Interested in Measles?Add Measles as an interest to stay up to date on the latest Measles news, video, and analysis from ABC News.
The state Senate has passed a bill that, if enacted, would revoke the state's vaccination exemption for those who have a personal or philosophical opposition to vaccines.
If enacted, the bill wouldn't apply to all vaccines but only the measles, mumps and rubella (MMR) vaccine that helps prevent the spread of those three diseases.
The bill narrowly passed the state Senate in a 25-22 vote Wednesday, and a very similar version passed the state House in early March, meaning that the finalized version is set to head to the governor's desk soon.
A spokesperson for Gov. Jay Inslee, who is also part of the crowded field of Democratic presidential candidates, told ABC News that the governor has previously expressed his support for the bill, but noted that he always reviews legislation "carefully before taking action."
His support of limiting vaccination exemptions is well formed, with the governor saying in February that "immunizations save lives and are among the most effective ways to protect everyone from serious, preventable illnesses -- especially young kids," according to the Associated Press.
This action comes amid an ongoing measles outbreak across the country, where 20 states -- including Washington -- have confirmed cases. All told, there have been 555 confirmed cases of measles in the U.S. so far this year, according to the Centers for Disease Control.
Washington is currently one of 18 states that allow for philosophical exemptions to vaccinations, according to the National Conference of State Legislatures. Missouri allows a philosophical exemption for child care facilities, but not for public schools.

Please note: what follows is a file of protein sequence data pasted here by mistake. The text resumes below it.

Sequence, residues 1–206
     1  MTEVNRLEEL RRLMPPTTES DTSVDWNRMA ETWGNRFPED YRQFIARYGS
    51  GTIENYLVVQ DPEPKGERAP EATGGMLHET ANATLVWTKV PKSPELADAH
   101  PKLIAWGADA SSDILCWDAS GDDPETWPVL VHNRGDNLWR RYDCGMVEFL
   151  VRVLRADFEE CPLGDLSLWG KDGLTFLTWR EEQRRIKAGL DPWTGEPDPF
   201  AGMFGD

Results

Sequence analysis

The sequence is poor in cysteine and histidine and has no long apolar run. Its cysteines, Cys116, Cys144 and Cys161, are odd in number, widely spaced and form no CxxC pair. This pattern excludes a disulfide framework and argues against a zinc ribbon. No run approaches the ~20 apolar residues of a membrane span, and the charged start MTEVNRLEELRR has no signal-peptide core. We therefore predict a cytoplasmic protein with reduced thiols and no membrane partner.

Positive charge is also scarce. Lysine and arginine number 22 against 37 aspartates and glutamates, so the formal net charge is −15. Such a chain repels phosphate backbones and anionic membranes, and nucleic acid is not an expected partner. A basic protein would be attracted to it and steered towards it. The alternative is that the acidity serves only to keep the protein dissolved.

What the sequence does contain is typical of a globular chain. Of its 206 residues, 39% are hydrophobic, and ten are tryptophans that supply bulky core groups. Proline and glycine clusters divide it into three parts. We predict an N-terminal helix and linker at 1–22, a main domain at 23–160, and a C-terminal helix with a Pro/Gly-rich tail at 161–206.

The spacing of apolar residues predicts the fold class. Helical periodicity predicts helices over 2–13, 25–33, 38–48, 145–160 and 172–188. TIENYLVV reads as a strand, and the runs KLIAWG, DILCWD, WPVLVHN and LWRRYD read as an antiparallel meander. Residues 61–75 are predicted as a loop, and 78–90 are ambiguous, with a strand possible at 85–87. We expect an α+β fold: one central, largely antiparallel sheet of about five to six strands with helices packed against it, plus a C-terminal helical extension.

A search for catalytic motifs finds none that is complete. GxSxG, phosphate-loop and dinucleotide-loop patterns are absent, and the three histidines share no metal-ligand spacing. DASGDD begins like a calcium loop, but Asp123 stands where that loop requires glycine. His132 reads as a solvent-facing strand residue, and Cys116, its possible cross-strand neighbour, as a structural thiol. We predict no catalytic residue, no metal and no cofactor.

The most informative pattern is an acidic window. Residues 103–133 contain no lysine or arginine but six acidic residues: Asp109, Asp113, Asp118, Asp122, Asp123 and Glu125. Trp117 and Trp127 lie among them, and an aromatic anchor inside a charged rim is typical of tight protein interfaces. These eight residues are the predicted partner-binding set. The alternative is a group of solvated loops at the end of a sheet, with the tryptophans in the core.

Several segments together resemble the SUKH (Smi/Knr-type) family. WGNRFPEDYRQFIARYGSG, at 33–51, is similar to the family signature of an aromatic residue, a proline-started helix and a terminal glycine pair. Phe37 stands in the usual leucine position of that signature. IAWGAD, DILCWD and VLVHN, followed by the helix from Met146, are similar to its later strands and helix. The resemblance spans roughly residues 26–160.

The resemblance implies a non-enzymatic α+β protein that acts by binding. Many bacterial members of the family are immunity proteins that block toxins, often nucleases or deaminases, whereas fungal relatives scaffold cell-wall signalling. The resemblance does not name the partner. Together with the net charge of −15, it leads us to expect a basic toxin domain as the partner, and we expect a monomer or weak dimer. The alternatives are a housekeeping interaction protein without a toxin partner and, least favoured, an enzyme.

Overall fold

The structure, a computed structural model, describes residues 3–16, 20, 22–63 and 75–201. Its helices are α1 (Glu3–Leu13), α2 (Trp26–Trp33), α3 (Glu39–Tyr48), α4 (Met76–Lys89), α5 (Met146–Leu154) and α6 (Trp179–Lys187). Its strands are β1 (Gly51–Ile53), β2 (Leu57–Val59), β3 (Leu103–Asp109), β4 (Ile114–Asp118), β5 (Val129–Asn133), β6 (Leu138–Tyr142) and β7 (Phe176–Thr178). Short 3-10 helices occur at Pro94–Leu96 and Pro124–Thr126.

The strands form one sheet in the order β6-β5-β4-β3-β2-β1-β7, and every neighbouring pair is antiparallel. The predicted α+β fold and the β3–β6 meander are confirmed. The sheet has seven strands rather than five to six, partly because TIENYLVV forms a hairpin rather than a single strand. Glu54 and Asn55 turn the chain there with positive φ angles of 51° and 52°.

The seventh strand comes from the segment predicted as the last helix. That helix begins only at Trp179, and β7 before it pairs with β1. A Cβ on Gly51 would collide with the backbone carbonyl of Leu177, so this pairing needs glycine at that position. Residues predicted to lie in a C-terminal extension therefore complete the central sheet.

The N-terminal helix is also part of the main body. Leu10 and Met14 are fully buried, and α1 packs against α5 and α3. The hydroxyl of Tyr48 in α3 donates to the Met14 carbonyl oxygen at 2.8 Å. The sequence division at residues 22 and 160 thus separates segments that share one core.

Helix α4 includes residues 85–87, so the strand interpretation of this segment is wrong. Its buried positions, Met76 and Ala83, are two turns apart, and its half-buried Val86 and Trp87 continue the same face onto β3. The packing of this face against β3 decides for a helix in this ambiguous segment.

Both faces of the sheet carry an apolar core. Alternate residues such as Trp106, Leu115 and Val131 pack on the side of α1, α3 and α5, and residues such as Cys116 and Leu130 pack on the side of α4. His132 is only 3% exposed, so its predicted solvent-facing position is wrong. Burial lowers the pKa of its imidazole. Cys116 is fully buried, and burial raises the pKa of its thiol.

All states allow exemptions for medical reasons, and that is not expected to change anytime soon, but states could be targeting both philosophical exemptions and religious exemptions.
Religious exemptions are in place in 47 states and the District of Columbia.
There are only three states that have no religious or personal exemptions: California, Mississippi and West Virginia.
The proposed bill in Washington state would not change the religious exemption in the state, but according to state figures, that exemption does not lead to a high number of unvaccinated children.
According to data from Clark County, where the majority of Washington state’s measles cases were found, 7.9 percent of kindergarten students were exempted from vaccinations in the 2017-2018 school year.
The reason? Personal exemptions.